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TitleSeismic attenuation in the Anahim Volcanic Belt and adjacent regions of British Columbia
LicencePlease note the adoption of the Open Government Licence - Canada supersedes any previous licences.
AuthorFarahbod, A M; Cassidy, J FORCID logo
SourceGeological Survey of Canada, Open File 8030, 2016, 50 pages, Open Access logo Open Access
PublisherNatural Resources Canada
Documentopen file
Mediaon-line; digital
File formatpdf
ProvinceBritish Columbia
NTS82L; 82M; 92I; 92J; 92K; 92L; 92M; 92N; 92O; 92P; 93A; 93B; 93C; 93D; 93E; 93F; 93G; 93H; 93I; 93J; 93K; 93L
Lat/Long WENS-128.0000 -118.0000 55.0000 50.0000
Subjectstectonics; geophysics; earthquakes; earthquake studies; earthquake risk; earthquake mechanisms; earthquake magnitudes; p waves; s waves; seismic waves; crustal studies; crustal movements; seismicity; tectonic environments; tectonic setting; Anahim Volcanic Belt; Nechako Basin
Illustrationslocation maps; plots; tables
ProgramPublic Safety Geoscience Western Canada Geohazards Project
Released2016 08 23
AbstractIn this study we investigated coda-wave attenuation (Qc) in the interior of British Columbia, with a focus on the Anahim Volcanic Belt (AVB) and specifically the Nazko Cone region using the single scattering approximation on records from short period and broadband stations of the regional Canadian National Seismic Network (CNSN) and POLARIS Network. Our dataset is comprised of 380 earthquakes recorded between 1999 and 2012 with magnitudes ranging from 1.6 to 3.9, depths from 0 to 36 km and epicentral distances of 15 to 100 km. This gives a total of 423 high signal to noise (S/N) traces (S/N?5.0) useful for Qc calculation (with a range of ellipse parameter, a2, of 30 to 110) across the region. Coda windows were selected to start at tc = 2tS (two times the travel time of the direct S wave), and were filtered at center frequencies of 2, 4, 8, 12 and 16 Hz. Although the dataset is relatively small, with substantial uncertainties, a consistent pattern emerges. We find that in the interior of BC, the lowest Q0 values (e.g., Q0 of 39) are in the vicinity of Nazko Cone, near the 2007 earthquake swarm. This sequence of more than 1000 earthquakes occurred at depths of 25-31 km and was interpreted as a magma injection at the base of the crust. Further, we find that all stations within the AVB show lower Q0 values compared to other stations in the BC interior. Averaging all data in the AVB with a2 of 30-50 km (UBRB, MCMB1, SULB, THMB) yields a low average Q0 of 53, compared to an average Q0 of 67 at other stations in the BC interior, and an average Q0 of 70 for stations in the Cascadia subduction zone. Our results showing low Q0 throughout the AVB (and the lowest Q0 at Nazko Cone) provides additional support for the interpretation of magma injection into the lower crust during the Nazko earthquake sequence, fracturing of the crust, and high seismic attenuation.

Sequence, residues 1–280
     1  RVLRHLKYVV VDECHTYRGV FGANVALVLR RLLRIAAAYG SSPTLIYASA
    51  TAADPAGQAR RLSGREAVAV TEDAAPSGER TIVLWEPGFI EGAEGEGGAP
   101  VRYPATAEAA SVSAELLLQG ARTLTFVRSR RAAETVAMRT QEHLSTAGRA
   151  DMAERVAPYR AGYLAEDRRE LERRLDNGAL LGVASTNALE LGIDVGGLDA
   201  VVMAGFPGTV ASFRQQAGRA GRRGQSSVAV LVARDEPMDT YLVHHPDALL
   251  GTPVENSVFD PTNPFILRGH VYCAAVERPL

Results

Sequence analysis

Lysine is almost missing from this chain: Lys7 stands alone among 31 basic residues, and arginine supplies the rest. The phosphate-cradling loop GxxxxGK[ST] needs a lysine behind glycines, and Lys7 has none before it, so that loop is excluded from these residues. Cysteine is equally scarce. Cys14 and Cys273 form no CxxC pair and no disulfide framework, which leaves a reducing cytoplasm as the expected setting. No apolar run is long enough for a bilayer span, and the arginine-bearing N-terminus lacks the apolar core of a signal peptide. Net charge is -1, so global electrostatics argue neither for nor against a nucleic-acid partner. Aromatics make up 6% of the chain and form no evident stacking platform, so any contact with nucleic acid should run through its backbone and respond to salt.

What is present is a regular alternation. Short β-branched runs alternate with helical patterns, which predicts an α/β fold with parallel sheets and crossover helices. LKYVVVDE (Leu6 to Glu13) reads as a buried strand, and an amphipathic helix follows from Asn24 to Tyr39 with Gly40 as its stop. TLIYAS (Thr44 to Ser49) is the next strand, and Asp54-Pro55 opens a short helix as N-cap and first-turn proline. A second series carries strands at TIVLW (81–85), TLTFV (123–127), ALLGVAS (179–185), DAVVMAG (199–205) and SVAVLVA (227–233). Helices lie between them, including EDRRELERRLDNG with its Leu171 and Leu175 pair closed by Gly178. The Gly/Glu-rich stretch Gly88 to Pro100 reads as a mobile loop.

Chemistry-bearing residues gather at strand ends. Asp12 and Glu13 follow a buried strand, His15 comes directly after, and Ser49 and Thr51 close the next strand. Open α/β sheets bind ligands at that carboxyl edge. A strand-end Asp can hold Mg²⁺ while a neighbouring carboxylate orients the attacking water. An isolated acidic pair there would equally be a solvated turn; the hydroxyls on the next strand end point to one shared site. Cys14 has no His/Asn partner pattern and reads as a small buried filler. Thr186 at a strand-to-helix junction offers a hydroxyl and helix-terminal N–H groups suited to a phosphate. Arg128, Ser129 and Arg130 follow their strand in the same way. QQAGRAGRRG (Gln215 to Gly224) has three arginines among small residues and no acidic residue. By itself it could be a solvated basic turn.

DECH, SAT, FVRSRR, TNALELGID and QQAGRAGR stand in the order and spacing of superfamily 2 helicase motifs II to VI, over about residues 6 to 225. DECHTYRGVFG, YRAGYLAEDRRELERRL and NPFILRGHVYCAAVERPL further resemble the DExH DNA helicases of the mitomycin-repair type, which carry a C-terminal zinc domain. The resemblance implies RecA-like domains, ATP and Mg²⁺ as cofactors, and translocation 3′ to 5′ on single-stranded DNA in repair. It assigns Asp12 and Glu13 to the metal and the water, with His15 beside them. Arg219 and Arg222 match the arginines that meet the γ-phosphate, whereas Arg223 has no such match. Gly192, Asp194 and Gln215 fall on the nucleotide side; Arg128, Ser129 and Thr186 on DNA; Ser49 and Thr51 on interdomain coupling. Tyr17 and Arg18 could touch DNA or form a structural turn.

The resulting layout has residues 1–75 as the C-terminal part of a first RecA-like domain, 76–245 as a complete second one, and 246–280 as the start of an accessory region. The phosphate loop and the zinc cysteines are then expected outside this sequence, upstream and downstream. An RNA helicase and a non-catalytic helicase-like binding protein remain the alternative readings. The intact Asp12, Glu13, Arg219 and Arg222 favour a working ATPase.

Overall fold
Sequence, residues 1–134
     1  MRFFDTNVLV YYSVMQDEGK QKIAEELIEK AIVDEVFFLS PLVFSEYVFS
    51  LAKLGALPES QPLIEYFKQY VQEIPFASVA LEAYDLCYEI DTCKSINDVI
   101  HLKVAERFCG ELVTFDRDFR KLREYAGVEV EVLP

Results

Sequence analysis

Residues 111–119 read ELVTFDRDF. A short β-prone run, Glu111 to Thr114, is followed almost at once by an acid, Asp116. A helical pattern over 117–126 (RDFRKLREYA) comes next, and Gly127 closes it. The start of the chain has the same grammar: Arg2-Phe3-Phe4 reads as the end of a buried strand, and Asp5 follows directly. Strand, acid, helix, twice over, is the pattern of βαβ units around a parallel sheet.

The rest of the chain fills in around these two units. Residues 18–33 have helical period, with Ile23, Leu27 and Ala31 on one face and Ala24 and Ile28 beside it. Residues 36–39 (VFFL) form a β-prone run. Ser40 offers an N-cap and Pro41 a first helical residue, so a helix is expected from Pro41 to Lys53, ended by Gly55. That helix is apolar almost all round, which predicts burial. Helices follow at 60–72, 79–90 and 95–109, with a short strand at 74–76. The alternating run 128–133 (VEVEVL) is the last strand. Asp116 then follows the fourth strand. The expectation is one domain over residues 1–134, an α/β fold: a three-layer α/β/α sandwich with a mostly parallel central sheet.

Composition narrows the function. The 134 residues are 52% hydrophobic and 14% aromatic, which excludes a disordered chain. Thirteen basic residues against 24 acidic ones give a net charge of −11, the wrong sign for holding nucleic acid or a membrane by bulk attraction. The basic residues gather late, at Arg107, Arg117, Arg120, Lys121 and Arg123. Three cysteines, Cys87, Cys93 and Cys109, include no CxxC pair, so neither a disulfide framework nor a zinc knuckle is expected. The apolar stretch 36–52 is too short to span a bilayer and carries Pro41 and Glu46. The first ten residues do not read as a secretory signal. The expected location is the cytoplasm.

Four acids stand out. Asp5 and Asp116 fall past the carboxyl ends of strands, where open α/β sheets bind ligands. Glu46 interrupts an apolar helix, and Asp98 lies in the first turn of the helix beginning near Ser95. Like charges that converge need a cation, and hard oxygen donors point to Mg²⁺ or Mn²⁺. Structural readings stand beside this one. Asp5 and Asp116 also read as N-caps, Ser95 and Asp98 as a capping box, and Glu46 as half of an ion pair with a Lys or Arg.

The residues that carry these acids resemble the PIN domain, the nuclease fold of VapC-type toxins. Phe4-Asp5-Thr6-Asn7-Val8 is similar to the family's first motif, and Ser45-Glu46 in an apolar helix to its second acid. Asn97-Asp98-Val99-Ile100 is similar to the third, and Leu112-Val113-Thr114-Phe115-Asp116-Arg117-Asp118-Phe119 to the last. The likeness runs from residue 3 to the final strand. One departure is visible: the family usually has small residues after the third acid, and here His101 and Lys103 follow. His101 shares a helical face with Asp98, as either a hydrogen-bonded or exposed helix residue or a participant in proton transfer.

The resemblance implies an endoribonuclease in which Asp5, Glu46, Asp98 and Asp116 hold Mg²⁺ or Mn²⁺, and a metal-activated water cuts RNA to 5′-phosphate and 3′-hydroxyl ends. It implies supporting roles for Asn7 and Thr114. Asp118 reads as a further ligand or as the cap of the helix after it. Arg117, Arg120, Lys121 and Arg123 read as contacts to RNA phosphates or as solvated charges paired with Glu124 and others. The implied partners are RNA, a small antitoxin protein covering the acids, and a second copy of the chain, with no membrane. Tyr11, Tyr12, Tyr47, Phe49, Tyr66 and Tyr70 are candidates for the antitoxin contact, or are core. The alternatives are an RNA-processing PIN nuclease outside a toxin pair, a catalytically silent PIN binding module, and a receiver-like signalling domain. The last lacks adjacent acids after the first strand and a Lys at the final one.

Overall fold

Summary(Plain Language Summary, not published)
This study examines seismic attenuation in the vicinity of the Anahim Volcanic Belt of British Columbia. Seismic attenuation is a critical factor in the development of earthquake hazard maps. The Anahim Volcanic Belt is a zone of relatively young volcanic eruptions across BC, and the site of an earthquake swarm in 2007. We find higher attenuation across the volcanic belt, suggesting heavily fractured rock that helps to absorb high-frequency seismic energy. Our research helps to constrain the boundaries of the Anahim Volcanic Belt, and provides new details on the seismic attenuation, both of which will contribute to improved earthquake and volcanic hazard models for this region.

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